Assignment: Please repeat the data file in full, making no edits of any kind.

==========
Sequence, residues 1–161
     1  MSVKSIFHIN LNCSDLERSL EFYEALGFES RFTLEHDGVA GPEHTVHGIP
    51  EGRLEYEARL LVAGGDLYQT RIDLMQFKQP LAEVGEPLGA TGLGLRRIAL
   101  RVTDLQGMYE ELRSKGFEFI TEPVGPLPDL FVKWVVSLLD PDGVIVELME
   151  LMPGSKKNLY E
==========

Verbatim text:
Sequence, residues 1–161
     1  MSVKSIFHIN LNCSDLERSL EFYEALGFES RFTLEHDGVA GPEHTVHGIP
    51  EGRLEYEARL LVAGGDLYQT RIDLMQFKQP LAEVGEPLGA TGLGLRRIAL
   101  RVTDLQGMYE ELRSKGFEFI TEPVGPLPDL FVKWVVSLLD PDGVIVELME
   151  LMPGSKKNLY E